- The Wicker Man
- Kult (Poland) | El culto siniestro (Venezuela)
- Year of Film
- Robin Hardy
- Edward Woodward, Christopher Lee, Diane Cilento, Britt Ekland, Ingrid Pitt, Lindsay Kemp, Russell Waters, Aubrey Morris, Irene Sunter, Walter Carr, Ian Campbell, Roy Boyd, Peter Brewis, Gerry Cowper, John Hallam
- Origin of Film
- Type of Poster
- Style of Poster
- Origin of Poster
- Year of Poster
- Size (inches)
- 20 5/16" x 28 12/16"
- SS or DS
Remember the giant snail sitting on the shoulder of the titular statue as it burns during the climax of the British classic The Wicker Man? The designer of this poster for the first release of the film in Japan (in March 1998) must have seen a different print than the rest of us; perhaps the infamous lost footage is safe and well over there, and also features the appearance of a large mollusc? As for the naked torsos with the animal heads – your guess is as good as mine!
The Wicker Man is a true British classic and even though it started life as a low-budget b-feature the film has lost none of its power since its release forty years ago this year. Based on a script by celebrated screenwriter Anthony Shaffer, who had previously seen great success with the play Sleuth (1970), The Wicker Man was helmed by first time director Robin Hardy and was filmed on location around Scotland, with several coastal settings chosen to stand-in for the fictional island of Summerisle. It’s unfair to call the film a horror as it’s a mix of murder-mystery with occult undertones and features an unforgettable finale that lingers in the mind for a long time after the credits roll.
Edward Woodward stars as Sergeant Howie, a strait-laced policeman sent from the Scottish mainland to to investigate the mysterious disappearance of a local girl. After encountering indifference and hostility from the inhabitants, Howie decides to investigate the islands’ de facto leader Lord Summerisle (A memorable Christopher Lee) and soon discovers that this charismatic figure’s influence and beliefs hold sway over the population. The policeman realises too late that he has been brought to the island for reasons more sinister than the supposed disappearance of a local girl, and things are about to get very heated indeed for the unlucky Sergeant Howie.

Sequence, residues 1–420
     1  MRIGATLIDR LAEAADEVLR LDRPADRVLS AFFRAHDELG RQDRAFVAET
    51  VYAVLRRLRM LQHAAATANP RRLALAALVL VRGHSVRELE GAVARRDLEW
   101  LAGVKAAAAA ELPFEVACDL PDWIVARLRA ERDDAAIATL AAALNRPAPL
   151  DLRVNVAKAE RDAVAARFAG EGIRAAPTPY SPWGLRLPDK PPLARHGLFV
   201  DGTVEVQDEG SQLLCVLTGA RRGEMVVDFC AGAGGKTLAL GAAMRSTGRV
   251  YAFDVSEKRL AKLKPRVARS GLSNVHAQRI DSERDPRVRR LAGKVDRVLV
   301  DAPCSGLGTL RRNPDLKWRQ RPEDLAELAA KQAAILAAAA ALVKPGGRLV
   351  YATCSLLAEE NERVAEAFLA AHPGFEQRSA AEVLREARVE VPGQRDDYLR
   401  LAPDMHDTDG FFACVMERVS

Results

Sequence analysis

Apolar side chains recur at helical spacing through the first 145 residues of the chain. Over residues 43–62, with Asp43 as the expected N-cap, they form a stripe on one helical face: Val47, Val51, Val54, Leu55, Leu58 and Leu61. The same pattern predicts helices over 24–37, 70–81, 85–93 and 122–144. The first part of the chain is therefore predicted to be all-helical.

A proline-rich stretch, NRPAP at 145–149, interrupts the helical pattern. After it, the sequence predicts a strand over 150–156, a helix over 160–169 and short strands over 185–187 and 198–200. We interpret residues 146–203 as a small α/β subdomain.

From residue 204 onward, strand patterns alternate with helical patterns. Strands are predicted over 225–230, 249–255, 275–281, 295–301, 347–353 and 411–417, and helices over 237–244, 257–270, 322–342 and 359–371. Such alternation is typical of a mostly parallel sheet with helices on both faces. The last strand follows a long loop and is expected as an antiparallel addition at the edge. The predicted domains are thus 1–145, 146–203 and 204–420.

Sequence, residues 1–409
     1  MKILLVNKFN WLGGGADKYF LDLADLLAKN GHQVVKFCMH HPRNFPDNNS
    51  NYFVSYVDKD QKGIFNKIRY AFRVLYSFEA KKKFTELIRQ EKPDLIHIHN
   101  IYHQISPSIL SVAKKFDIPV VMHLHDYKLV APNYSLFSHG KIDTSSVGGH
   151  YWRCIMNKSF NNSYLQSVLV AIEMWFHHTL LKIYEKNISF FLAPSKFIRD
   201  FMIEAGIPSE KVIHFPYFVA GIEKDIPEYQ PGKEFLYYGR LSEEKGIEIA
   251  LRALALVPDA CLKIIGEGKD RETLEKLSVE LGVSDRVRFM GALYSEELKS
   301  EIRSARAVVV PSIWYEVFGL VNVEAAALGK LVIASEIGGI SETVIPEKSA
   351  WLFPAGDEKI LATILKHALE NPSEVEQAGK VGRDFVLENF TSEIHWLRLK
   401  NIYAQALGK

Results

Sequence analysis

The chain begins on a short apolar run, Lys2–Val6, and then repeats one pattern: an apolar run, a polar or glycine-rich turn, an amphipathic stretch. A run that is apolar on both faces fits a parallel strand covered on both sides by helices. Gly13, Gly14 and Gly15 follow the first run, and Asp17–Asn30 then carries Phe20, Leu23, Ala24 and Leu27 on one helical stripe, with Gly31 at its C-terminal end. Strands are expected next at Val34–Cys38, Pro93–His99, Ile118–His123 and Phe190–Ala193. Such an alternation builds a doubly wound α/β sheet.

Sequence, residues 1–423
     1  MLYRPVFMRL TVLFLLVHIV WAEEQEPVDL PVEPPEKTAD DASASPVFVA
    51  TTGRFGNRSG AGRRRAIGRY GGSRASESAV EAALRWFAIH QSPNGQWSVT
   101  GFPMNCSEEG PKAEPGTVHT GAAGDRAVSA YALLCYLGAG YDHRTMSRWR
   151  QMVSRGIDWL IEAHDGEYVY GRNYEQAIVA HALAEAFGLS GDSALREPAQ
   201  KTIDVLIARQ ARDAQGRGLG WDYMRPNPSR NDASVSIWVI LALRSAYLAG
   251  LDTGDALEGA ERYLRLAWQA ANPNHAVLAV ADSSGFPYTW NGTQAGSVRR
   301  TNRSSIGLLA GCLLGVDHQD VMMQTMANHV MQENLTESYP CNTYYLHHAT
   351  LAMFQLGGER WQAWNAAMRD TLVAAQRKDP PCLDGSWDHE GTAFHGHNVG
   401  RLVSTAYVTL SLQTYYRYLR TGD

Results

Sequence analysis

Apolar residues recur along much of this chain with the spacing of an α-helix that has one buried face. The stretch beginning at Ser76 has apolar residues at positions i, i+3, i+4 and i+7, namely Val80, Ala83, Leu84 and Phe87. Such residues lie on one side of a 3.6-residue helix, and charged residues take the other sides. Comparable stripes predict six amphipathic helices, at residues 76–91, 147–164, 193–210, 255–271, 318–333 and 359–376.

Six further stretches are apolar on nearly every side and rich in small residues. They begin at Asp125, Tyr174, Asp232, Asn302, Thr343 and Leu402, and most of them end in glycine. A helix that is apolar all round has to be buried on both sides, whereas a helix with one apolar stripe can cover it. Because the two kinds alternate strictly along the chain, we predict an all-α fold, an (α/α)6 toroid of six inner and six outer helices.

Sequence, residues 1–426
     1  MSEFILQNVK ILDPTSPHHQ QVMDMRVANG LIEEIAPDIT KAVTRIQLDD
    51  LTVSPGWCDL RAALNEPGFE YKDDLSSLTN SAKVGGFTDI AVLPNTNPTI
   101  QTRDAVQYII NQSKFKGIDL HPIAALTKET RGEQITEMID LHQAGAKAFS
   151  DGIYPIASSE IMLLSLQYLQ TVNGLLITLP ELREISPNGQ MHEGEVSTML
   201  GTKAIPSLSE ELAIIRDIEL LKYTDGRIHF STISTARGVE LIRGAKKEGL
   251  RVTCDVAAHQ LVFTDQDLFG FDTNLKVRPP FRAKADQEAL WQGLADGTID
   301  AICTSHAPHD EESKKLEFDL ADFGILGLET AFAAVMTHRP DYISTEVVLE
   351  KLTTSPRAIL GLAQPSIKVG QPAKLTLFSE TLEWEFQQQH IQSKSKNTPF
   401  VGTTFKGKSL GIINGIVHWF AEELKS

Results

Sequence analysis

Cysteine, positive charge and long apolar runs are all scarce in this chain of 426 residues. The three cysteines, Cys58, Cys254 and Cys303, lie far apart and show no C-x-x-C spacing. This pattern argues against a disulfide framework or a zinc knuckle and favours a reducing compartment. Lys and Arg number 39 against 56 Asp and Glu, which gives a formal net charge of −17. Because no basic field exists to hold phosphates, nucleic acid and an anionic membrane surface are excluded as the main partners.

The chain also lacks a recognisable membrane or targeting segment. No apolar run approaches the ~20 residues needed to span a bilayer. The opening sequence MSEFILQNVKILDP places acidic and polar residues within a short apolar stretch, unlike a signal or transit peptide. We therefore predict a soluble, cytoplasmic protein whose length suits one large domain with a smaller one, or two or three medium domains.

This poster features images from the film, including the scenes where the islanders dress up for a procession (hence the animal masks) and a sinister-looking Lee in the make-up his character wears during these moments. Over the years the actor has repeatedly claimed that The Wicker Man was the finest script he’d ever read and is very proud of his role in the film, even if he does express annoyance about the missing scenes. Note that the paper snipe in the top right features details of the film’s showtimes and other details, which features on every copy of this poster that I have ever seen.